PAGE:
I am still looking.
Africa is notorious for its colorful eye-popping textile designs, often called chitenge. The problem is, they are not in my country. It has been a fascinating topic of conversation for me as I have slowly come to realize that a number of factors are at play here.
1. Our country, a post-colonial British country, has a population with a Westernized fashion sense. This has placed African fashions in the backseat. Advertisements, media, and images of beauty reflect the Western world over other design styles. And the richer a person is the more Westernized they typically dress here, so thus the demand bends away from the traditional.
2. The American foreign aid we see and feel most often in this country comes in the form of giant containers of clothing. Most have slight defects. And many, I assume are surplus, as oodles and oodles are from big suppliers like Gap, Polo, American Eagle, etc. These have made Western styles more accessible to lower income populations in our country, further encouraging a move away from the traditional dress.
3. Our country used to have a fabulous cotton industry, but no longer. Mills have closed down or moved to other countries within the last 10 years for a number of political and agricultural reasons related to local issues. In addition, it has been difficult for them to compete with lower-priced Asian items.
4. As in so many other countries, the textiles from China are the most affordable and therefore most prevalently found in fabric stores. China has a clear influence on our country, mostly in the form of financial and import relationships. A man just stopped my husband in the market this weekend after hearing his American accent. He wanted to barter for anything American-made we might have, “because everything else is low quality Chinese stuff,” he said. I’m not making a political argument for or against Chinese textiles, but rather just stating that the goods here are dominantly Chinese, as are the most affordable textiles. Indeed most textile mills in the world are now located on the Asian continent.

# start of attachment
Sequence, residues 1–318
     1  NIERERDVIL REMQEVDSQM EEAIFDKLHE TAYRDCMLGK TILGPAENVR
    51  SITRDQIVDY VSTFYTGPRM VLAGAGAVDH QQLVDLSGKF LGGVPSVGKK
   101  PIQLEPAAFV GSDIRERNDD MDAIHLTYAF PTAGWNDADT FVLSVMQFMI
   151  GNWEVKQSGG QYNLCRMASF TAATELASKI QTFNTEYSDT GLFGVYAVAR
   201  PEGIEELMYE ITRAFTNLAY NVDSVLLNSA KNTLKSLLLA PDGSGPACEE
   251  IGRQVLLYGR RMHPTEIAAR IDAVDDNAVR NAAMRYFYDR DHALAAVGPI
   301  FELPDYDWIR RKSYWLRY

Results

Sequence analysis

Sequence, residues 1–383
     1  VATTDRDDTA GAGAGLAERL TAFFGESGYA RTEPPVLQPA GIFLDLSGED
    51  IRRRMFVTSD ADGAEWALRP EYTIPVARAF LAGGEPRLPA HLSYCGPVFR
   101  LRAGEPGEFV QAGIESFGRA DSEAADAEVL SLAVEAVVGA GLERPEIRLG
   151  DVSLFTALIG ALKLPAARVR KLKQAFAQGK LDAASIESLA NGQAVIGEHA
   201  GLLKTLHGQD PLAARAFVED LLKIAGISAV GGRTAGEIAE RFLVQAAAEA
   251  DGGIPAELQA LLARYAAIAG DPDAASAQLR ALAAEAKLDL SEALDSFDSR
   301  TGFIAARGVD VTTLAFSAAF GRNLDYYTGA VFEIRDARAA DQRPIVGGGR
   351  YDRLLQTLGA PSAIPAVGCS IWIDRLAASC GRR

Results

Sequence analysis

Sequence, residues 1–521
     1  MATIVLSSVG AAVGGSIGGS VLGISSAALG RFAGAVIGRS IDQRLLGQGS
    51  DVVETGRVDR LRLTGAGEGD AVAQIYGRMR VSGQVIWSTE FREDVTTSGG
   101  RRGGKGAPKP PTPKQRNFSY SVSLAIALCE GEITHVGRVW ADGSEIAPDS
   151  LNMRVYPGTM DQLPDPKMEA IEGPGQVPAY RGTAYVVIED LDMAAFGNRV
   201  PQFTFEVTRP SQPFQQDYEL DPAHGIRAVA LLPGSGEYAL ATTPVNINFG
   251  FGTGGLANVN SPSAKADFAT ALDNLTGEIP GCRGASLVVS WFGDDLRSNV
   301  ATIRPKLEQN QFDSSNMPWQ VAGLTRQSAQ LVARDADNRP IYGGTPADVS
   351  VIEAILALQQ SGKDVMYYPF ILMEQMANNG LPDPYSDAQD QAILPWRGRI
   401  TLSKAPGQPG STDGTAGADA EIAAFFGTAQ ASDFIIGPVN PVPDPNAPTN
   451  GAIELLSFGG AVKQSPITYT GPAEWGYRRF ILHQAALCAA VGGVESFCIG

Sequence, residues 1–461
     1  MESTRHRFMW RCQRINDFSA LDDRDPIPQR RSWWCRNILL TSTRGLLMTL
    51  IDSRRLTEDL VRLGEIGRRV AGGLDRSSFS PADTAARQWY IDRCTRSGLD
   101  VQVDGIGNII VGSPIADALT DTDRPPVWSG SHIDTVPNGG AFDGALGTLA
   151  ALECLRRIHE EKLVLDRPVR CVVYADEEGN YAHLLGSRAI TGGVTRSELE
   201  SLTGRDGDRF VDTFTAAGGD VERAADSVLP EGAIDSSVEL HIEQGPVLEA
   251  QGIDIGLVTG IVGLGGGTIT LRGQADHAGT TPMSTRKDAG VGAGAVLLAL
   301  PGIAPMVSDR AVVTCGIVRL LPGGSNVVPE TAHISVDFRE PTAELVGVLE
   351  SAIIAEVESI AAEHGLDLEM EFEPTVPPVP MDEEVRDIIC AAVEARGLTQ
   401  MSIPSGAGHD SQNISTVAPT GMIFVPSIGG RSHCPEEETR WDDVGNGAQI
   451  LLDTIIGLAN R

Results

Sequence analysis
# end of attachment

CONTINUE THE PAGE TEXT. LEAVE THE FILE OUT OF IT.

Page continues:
Most of the African-styled fabrics that do make their way to us have been brought across the border from Mozambique, South Africa, or Kenya, in small expensive amounts. These pieces are usually thin cotton blends. Therefore, upholstering in a thick African fabric is almost impossible unless one approaches a local maker to (expensively) custom-weave a piece of fabric.
The “small expensive amounts” mentioned above that are usually thin cotton blends can be seen most often on purses and bags, or on a special piece of clothing worn by women in our country. My housekeeper laughed as she talked about these pieces of clothing recently, “They are called Zambias, but most are from Mozambique!”
I recently had to meet with a woman in a small village outside of our city. Minutes before leaving my house I realized that I had never even considered whether a gift was necessary. I hurriedly approached my housekeeper. “A Zambia is traditional,” she said. “But how fat is this woman?!”
No idea. I sighed as I cut my four-meter African table cloth in half while my housekeeper watched and nodded. “You have to,” she had said.